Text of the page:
The EESC issues between 160 and 190 opinions and information reports a year.
It also organises several annual initiatives and events with a focus on civil society and citizens’ participation such as the Civil Society Prize, the Civil Society Days, the Your Europe, Your Say youth plenary and the ECI Day.
The EESC brings together representatives from all areas of organised civil society, who give their independent advice on EU policies and legislation. The EESC's326 Members are organised into three groups: Employers, Workers and Various Interests.
The EESC has six sections, specialising in concrete topics of relevance to the citizens of the European Union, ranging from social to economic affairs, energy, environment, external relations or the internal market.
Piroska Kállay is a member of the European Economic and Social Committee (EESC) from the Workers' Group, representing Medosz, the Trade Union of Agriculture, Forestry, Food and Water Supply Workers in Hungary. She is currently one of the members of the NAT section and her work focuses in particular on environmental protection and the territorial development of rural areas.
What drives you to be an active and engaged EESC and NAT Section Member? How do you make the link with your work (and your life) back home?
Many years ago, I chose the legal career because I really wanted to help people understand certain situations in the real life. Working as a legal adviser, I strongly believe that labor law is one of the disciplines that can definitely help people. For me, that is the essence of union work as well.
The EESC, as the EU body of organized civil society, gives the possibility to people to make their voices heard. Therefore, we members can mediate the voice of civil society to the European institutions, which is a huge opportunity to bring people closer to the EU.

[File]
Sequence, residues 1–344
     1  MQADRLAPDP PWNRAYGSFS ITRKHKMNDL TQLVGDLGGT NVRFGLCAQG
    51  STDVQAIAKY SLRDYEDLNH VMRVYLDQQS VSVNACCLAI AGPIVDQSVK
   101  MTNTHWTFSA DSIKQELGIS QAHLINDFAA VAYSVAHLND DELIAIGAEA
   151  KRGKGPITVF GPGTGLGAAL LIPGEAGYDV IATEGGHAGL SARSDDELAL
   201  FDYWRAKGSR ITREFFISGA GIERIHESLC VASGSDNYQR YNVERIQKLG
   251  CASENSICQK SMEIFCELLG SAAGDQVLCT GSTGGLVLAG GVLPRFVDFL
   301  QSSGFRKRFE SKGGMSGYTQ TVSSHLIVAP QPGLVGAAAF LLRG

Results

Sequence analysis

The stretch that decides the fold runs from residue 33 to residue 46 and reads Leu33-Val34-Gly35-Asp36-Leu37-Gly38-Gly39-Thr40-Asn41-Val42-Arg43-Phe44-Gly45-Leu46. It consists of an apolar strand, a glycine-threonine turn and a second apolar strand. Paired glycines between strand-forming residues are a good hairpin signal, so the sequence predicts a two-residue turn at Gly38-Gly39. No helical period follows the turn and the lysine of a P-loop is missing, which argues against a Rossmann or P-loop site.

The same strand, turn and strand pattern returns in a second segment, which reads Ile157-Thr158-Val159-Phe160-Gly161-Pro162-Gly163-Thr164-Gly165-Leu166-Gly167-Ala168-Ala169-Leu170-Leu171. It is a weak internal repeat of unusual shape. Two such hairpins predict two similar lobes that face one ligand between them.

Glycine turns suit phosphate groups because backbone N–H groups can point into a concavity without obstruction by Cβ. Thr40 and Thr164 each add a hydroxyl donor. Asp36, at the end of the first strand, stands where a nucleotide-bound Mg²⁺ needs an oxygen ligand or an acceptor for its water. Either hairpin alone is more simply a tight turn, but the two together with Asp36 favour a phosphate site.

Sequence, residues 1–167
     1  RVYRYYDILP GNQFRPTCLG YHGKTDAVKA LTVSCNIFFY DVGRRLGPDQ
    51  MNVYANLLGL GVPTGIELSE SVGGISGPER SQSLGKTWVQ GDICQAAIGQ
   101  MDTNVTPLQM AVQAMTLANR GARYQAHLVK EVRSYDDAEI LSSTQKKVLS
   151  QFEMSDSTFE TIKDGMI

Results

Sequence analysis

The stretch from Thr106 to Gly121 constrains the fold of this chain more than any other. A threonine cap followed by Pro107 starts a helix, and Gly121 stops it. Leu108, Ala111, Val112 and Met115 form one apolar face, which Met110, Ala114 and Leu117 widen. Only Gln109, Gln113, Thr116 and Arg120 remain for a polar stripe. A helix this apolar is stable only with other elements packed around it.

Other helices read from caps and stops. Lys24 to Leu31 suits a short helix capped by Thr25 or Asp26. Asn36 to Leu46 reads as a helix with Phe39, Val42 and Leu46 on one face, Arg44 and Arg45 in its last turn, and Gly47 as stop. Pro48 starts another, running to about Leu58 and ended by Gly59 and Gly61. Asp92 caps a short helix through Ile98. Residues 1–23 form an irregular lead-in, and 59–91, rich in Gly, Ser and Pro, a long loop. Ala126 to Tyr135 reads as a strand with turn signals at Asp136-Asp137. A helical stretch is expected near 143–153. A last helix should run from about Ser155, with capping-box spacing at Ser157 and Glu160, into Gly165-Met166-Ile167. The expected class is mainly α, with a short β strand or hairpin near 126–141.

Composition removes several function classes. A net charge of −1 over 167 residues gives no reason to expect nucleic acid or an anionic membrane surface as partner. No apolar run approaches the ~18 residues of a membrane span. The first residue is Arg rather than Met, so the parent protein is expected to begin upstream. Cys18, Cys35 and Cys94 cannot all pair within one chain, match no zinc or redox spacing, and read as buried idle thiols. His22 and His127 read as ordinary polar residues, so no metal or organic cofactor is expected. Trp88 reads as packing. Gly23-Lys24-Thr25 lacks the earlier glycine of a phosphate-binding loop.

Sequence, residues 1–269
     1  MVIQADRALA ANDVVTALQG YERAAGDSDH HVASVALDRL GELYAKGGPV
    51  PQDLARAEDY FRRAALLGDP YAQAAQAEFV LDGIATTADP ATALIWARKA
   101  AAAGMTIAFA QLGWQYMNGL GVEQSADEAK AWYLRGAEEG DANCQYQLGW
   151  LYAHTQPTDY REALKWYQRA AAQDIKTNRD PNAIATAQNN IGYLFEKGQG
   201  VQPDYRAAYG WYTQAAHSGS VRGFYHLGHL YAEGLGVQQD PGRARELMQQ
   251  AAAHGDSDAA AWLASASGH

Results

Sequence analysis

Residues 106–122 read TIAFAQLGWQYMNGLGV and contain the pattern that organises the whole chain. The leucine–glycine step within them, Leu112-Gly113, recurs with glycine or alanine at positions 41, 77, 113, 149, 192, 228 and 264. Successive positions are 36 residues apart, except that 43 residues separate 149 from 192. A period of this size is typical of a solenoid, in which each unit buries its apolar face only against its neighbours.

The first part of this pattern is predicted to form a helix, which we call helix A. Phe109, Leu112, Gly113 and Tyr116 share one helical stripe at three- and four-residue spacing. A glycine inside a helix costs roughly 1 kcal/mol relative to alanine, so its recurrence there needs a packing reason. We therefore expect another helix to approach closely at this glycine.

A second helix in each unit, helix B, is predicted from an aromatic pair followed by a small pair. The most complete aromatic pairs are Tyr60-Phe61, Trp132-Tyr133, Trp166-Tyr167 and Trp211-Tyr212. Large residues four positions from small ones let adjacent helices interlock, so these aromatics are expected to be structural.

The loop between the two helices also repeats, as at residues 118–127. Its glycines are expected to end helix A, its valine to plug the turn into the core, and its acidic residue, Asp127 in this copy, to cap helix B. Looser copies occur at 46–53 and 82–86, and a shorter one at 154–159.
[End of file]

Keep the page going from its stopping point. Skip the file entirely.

The core issues of the NAT section, including rural development, cover a very wide sphere of interest of my organization, which represents workers from the Hungarian Trade Union of Agriculture, Forestry, Food and Water Supply Workers. I can directly see the difficulties and challenges faced by people working out of town. I think we can really remedy the problems if we discuss them with as many stakeholders as we can.
We believe that Europe will be reborn in the countryside. In particular, the renaissance of Europe is to be found in a balanced rural/urban relationship. We experience the significance of this both in theory and in practice. When we’re looking for the attractiveness of the countryside, we have to ask ourselves the question: do we want only to live in the countryside or also to make a living from new job opportunities in rural areas? I believe that creating the right quantity and quality of jobs is essential for the countryside to flourish.
In each aspect of rural development, job creation must be kept in mind, be it agriculture, its multifunctionality, or culture and preservation of traditions, as these are all factors that strongly determine the rural life. Thanks to the NAT section's priorities, we work on this issue at the European level with several stakeholders contributing to the EU decision-making process.